One thing is certain though, and that is that we need to re-think how to design, construct and operate buildings in a way to allow them to function before, during and immediately after natural or man-made disasters. The goal is to have occupants surviving the initial impact and returning to normal operations as quickly as possible. The design of resilient buildings includes the specifying of materials that must be resistant to high winds, water pressure, and corrosion. Buildings must also be capable of uninterrupted power generation, maintaining a supply of food and drinking water, and maintaining sanitary functions.
In the resiliency realm, metal building envelope enclosures, steel framing, and structural steel have attractive properties that designers should be aware of. The organizations that are studying how to improve resilient building design need to understand that metal components have a wide variety of qualities that speak to strength, ductility, impact resistance, non- combustibility, corrosion resistance and resistance to water damage. This pedigree of a building material should make metal components attractive to designers, specifiers, and regulators of material used in resilient buildings.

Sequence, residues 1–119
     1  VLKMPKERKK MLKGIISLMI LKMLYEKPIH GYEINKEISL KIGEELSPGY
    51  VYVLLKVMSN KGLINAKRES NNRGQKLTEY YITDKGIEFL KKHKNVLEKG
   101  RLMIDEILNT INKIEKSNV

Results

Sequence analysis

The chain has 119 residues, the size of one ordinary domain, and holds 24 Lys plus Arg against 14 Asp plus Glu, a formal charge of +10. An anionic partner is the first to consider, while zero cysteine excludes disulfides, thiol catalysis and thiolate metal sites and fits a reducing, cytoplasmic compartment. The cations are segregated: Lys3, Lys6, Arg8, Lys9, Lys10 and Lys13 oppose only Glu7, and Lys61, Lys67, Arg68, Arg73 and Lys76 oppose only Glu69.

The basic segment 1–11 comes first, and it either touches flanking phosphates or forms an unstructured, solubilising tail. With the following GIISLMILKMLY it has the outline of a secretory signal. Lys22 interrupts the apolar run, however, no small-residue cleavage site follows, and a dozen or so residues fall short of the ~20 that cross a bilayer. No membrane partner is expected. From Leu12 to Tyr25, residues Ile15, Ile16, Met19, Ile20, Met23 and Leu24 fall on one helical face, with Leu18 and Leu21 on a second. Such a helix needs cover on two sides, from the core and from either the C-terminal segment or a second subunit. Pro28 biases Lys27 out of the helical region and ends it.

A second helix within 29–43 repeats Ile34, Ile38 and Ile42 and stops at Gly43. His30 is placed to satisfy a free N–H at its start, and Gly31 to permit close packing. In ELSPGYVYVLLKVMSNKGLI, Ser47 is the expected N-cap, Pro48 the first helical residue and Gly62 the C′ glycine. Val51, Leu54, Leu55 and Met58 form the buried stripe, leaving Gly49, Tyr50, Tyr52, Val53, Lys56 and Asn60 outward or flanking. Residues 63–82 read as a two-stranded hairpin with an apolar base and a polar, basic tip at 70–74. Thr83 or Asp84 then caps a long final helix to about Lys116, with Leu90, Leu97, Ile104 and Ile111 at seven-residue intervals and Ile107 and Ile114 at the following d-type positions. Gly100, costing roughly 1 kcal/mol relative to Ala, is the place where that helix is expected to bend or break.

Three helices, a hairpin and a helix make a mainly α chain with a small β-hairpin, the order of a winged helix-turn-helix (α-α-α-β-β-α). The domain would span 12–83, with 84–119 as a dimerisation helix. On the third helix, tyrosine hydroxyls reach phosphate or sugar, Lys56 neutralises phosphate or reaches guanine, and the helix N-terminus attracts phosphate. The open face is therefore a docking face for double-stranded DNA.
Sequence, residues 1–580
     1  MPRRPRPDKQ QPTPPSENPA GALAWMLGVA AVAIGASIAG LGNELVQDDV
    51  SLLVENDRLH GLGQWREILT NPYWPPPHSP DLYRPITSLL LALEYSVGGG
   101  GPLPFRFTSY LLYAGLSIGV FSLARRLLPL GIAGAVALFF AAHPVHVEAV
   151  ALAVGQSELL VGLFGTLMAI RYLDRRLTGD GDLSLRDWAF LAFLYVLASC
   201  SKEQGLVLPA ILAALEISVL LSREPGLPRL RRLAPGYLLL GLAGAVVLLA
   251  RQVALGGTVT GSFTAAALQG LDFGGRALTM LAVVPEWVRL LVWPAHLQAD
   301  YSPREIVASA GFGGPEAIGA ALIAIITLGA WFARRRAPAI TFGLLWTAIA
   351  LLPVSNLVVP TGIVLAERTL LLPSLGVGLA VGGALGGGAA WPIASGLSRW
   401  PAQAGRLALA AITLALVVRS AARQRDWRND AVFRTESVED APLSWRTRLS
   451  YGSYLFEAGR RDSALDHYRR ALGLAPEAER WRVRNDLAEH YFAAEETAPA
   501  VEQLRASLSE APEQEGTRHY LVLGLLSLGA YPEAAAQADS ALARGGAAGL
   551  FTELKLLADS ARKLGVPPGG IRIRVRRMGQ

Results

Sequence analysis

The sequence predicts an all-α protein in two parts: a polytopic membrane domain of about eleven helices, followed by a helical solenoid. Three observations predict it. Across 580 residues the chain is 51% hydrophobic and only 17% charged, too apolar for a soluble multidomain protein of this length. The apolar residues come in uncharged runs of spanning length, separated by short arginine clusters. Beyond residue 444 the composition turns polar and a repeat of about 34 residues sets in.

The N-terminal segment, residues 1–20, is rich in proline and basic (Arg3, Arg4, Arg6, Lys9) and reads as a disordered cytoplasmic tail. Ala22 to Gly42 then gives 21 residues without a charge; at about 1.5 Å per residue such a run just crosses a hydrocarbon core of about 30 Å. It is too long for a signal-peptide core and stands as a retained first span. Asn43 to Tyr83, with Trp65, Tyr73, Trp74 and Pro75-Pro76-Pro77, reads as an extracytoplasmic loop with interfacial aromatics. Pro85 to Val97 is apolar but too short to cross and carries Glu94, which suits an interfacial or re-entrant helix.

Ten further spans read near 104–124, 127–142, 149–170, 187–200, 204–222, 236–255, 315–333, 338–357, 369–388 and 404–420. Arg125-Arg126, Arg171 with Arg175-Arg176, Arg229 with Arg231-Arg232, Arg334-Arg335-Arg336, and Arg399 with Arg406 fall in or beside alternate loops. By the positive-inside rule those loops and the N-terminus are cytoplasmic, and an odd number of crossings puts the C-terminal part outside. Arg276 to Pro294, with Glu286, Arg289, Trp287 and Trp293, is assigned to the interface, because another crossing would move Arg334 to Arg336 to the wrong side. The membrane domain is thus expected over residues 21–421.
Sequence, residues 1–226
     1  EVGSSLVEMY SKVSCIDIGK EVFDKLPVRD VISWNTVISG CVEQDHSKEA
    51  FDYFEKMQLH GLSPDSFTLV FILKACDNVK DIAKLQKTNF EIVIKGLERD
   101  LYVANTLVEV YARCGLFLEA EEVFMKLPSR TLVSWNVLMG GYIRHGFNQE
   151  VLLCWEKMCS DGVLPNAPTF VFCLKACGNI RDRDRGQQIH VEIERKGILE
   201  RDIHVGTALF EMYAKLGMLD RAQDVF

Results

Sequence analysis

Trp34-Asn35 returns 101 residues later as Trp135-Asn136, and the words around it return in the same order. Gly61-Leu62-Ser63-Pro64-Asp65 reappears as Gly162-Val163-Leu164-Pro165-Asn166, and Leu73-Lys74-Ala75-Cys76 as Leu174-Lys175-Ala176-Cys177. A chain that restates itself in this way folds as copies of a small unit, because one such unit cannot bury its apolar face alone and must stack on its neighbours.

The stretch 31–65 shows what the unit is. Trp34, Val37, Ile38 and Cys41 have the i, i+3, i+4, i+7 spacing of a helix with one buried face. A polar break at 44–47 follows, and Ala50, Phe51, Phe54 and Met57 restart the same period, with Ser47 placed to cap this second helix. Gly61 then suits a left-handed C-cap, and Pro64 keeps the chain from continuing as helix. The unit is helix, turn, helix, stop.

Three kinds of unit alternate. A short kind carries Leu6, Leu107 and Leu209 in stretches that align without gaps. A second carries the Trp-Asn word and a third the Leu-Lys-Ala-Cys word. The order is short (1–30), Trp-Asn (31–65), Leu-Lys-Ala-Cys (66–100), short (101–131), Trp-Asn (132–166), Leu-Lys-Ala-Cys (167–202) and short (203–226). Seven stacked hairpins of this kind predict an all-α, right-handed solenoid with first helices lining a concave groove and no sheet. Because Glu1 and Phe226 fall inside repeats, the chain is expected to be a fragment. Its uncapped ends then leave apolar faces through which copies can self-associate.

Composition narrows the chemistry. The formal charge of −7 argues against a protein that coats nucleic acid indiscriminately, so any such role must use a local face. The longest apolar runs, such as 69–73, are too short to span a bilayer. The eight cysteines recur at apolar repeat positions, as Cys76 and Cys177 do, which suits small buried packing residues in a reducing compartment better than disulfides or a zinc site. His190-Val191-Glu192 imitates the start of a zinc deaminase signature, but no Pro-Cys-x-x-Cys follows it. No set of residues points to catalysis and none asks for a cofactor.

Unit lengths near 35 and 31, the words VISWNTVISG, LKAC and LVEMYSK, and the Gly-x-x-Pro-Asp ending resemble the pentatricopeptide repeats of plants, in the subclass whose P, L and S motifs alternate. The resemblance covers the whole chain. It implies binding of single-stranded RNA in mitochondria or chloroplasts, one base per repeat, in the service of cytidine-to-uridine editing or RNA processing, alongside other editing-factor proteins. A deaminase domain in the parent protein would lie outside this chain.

At the larger level, community planners and designers must also re-think how to protect our cities from the damage that can occur from intense storms or from man-made disasters.
This concept is now working its way into the sustainability discussions. In fact the USGBC announced three new Pilot Credits for their LEED program that relate to provisions for resilient design for buildings. They are:
- Assessment and Planning for Resilience